Qualities of a Healthy Relationship & Signs of Unhealthy Relationships
What are some of the characteristics of a healthy relationship? We get the idea of what a “happy” relationship looks like from social media nowadays; couples are always happy, traveling and doing fun things. Every relationship has their happy moments but it also comes with some disagreements and different points of view. A healthy relationship is able to navigate disagreements and “not so happy times” and work out differences.
Below you can find some of the qualities that makes a relationship healthy:
- Having fun together more often than not and enjoys spending time separately with friends. The couple is able to give each other space to spend time away from each other, as well as plan for things together as a couple and with others.
- Feels safe with each other and trusts each other.
- Are faithful to each other if they have made a commitment.
- Supports each other’s individual goals in life such as jobs & school decisions.
- Solve conflicts without putting each other down and are able to be honest about what they feel.
- Both accept responsibility for actions and accept when they are wrong.
- Have equal decision making.
- Encourage each other’s interests and have privacy (phone, diary).
- Never feel like they are being pressured for sex if relationship is sexual.
- Allow each other space when needed and seek help when needed.
Below you can find characteristics of unhealthy relationships. The point of this list is to identify some of the behaviors in the relationship that could improve and could also signal to a toxic relationship. While everyone does unhealthy things sometimes, we can all learn to love better by recognizing unhealthy signs and shifting to healthy behaviors. If you are seeing unhealthy signs in your relationship, it’s important to not ignore them and understand they can escalate to abuse.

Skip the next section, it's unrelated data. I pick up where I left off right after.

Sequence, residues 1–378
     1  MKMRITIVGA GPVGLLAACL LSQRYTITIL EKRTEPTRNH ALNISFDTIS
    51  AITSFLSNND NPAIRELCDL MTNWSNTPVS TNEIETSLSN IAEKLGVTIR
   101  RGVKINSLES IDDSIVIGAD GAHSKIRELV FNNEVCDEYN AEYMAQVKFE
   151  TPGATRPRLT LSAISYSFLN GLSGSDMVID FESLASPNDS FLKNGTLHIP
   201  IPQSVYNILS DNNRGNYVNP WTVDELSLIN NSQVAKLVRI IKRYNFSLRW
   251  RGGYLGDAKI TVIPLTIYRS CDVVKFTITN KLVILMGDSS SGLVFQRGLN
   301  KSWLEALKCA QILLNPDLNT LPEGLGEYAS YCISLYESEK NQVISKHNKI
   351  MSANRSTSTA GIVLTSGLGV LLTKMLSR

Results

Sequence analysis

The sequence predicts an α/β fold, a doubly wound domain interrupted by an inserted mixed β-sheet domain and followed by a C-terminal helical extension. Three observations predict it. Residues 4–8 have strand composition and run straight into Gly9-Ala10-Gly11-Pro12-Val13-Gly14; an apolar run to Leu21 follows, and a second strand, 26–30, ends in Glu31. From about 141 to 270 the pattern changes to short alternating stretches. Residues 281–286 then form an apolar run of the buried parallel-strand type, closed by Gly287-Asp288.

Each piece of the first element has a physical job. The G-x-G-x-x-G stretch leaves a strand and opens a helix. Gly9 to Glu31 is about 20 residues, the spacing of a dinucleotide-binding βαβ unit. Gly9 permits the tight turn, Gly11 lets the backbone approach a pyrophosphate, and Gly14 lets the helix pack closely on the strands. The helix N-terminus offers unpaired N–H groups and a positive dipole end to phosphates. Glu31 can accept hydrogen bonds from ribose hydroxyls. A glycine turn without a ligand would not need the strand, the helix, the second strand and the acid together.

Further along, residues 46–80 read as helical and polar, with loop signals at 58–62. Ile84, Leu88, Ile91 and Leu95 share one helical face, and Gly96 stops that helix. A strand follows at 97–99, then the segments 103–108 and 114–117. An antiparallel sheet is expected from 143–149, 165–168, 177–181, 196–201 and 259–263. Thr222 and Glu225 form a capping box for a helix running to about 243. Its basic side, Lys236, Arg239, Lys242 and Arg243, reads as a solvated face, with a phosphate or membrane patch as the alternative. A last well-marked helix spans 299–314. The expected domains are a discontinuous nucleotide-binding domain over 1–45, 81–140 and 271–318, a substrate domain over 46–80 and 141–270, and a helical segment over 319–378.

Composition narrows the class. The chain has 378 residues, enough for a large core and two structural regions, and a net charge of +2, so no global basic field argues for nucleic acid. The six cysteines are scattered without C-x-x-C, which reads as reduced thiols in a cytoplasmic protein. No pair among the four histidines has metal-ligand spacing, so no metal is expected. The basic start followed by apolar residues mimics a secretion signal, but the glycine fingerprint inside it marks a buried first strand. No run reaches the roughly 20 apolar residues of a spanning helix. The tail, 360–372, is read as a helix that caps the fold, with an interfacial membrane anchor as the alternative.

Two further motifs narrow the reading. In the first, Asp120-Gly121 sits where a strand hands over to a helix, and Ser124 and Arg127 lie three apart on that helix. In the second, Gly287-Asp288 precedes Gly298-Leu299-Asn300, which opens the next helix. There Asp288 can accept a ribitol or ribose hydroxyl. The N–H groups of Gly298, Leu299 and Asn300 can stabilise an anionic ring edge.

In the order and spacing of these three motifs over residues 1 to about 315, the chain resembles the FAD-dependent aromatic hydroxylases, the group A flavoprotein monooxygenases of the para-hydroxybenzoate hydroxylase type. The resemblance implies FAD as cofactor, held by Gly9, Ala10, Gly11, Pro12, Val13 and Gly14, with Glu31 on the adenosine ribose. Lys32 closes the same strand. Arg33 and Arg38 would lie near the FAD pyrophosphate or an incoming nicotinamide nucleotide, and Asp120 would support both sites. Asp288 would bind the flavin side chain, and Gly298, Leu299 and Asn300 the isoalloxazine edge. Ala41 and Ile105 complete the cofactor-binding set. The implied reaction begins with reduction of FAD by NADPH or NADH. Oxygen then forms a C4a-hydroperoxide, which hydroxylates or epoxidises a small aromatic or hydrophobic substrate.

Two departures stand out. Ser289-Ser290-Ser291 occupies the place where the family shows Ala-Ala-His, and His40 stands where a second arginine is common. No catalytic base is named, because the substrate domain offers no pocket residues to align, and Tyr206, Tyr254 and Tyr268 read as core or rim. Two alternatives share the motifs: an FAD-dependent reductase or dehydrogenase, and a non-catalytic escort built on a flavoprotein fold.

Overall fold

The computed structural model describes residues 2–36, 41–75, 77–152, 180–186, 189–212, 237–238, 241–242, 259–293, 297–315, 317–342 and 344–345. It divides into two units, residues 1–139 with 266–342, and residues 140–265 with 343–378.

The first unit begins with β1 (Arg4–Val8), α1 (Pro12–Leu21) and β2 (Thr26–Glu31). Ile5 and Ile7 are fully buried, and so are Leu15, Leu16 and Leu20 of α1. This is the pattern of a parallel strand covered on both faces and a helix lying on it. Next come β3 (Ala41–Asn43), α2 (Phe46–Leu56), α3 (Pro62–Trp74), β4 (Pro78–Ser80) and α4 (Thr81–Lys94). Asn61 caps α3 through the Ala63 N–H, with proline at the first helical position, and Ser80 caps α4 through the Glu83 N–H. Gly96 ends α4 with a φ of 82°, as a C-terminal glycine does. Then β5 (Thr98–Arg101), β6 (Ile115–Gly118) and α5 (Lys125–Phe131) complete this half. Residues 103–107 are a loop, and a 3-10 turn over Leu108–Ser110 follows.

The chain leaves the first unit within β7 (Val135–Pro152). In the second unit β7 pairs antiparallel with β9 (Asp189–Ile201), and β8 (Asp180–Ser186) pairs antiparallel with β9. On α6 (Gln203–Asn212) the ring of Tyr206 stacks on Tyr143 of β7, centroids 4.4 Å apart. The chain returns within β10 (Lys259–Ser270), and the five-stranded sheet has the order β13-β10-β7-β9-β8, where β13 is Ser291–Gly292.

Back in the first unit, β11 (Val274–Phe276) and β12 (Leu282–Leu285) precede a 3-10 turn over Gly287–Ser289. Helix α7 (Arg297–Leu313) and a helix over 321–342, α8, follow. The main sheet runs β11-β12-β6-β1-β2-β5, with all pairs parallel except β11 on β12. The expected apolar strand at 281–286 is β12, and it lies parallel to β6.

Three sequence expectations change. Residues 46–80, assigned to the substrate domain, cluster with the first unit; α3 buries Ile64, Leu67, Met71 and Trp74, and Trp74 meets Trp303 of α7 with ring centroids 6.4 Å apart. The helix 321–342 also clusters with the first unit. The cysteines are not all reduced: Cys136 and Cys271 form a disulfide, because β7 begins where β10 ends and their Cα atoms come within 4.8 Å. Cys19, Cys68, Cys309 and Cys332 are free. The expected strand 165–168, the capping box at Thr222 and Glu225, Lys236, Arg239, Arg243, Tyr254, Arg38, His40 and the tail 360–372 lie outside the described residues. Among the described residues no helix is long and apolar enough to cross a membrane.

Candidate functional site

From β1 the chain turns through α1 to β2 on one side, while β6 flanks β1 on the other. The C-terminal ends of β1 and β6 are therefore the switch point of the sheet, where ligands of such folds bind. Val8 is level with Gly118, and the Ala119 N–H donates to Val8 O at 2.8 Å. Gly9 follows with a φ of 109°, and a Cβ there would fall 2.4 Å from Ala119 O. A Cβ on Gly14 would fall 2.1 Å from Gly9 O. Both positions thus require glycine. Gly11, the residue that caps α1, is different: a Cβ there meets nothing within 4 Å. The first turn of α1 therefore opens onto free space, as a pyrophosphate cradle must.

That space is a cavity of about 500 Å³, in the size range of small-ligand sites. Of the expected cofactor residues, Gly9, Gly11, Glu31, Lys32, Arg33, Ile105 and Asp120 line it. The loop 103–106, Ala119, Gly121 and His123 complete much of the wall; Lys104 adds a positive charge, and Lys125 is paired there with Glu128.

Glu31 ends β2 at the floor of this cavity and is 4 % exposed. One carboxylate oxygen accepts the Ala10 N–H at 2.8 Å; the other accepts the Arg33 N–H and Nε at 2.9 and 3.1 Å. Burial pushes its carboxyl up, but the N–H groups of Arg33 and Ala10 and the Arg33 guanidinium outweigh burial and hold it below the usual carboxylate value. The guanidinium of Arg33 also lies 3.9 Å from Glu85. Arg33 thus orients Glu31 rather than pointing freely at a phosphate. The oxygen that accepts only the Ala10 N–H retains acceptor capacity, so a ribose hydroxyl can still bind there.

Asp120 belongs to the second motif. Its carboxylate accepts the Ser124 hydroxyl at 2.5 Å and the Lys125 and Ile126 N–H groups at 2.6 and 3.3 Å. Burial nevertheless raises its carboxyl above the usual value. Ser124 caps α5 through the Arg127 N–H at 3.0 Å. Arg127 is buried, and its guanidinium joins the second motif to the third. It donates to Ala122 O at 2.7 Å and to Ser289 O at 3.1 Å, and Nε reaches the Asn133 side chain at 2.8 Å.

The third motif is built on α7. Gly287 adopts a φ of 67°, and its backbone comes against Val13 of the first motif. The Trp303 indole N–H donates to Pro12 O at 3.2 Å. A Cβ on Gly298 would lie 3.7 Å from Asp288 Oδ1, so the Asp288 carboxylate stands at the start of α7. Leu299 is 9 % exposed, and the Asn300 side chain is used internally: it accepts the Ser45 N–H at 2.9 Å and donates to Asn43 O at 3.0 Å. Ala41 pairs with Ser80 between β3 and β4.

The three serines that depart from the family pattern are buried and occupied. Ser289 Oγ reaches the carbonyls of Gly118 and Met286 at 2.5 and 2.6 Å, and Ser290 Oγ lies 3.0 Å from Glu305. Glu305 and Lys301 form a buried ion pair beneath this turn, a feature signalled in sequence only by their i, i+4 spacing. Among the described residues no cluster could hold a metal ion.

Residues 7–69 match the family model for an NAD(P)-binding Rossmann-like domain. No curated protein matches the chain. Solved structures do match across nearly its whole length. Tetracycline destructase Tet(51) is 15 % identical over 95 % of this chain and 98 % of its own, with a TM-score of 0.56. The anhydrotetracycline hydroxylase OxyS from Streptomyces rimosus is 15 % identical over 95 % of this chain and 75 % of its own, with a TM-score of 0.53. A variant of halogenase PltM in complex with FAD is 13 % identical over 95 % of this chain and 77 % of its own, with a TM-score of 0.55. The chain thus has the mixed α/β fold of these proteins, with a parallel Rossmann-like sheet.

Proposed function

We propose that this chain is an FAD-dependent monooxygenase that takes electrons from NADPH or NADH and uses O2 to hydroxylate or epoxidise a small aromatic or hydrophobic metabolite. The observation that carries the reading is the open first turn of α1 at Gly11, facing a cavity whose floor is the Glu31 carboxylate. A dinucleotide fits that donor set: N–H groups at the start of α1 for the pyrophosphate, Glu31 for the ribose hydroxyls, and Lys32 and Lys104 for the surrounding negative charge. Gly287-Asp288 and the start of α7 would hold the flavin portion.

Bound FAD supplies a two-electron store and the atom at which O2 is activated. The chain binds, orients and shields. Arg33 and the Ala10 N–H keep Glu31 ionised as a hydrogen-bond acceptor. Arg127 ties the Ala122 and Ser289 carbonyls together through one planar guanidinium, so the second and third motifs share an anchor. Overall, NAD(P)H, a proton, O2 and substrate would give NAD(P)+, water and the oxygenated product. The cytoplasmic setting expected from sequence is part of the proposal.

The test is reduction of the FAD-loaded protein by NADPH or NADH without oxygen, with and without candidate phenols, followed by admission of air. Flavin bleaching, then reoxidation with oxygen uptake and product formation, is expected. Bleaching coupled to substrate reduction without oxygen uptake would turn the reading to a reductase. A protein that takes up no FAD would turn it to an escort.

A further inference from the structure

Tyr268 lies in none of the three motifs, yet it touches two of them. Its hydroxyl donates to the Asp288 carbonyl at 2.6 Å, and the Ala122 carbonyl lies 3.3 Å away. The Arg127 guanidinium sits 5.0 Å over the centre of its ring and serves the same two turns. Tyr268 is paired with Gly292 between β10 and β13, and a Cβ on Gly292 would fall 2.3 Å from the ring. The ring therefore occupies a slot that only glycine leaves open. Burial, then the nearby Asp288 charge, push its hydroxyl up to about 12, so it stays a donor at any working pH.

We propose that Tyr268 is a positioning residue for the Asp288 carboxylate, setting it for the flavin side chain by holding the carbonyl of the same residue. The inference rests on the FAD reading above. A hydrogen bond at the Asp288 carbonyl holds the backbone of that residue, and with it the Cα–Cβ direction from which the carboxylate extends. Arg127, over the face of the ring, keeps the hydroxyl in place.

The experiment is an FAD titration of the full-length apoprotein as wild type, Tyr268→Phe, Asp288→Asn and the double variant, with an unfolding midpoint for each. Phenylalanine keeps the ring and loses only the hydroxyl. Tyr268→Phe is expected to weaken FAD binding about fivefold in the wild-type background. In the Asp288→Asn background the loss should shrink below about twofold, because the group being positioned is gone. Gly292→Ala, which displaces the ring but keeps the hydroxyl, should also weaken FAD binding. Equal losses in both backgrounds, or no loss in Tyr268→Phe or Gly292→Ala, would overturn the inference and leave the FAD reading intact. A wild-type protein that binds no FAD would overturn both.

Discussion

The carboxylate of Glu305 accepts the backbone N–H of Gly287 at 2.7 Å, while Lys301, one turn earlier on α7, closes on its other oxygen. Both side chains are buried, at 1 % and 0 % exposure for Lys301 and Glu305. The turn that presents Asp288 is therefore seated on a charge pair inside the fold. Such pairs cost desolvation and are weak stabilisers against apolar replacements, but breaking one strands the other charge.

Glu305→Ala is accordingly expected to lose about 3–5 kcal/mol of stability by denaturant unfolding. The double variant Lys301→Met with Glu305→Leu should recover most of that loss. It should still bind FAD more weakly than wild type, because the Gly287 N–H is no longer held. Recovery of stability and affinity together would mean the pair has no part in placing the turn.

- Gets extremely jealous and/or accuses the other partner of cheating
- Puts the other person down by calling them names, cursing or making them feel bad about themselves.
- Blames the other person for their behavior (you make me mad…this is your fault)
- Had threatened to hurt the other person or hurt themselves if they leave.
- Frequently criticizes partners and their family or friends.
- Smashes, throws or destroys things.
- Tries to keep the other person from working, going to school or making decisions about their own life.
- Has grabbed, pushed, or physically hurt the other person.
- Ignores or withholds attention as a way to punish the other person.
- Tries to control the other person’s behavior by telling them how to dress, what to do or not to do, who to be friends with etc.
If you find yourself in an unhealthy relationship you can reach out to a mental health professional that can assist in guiding you.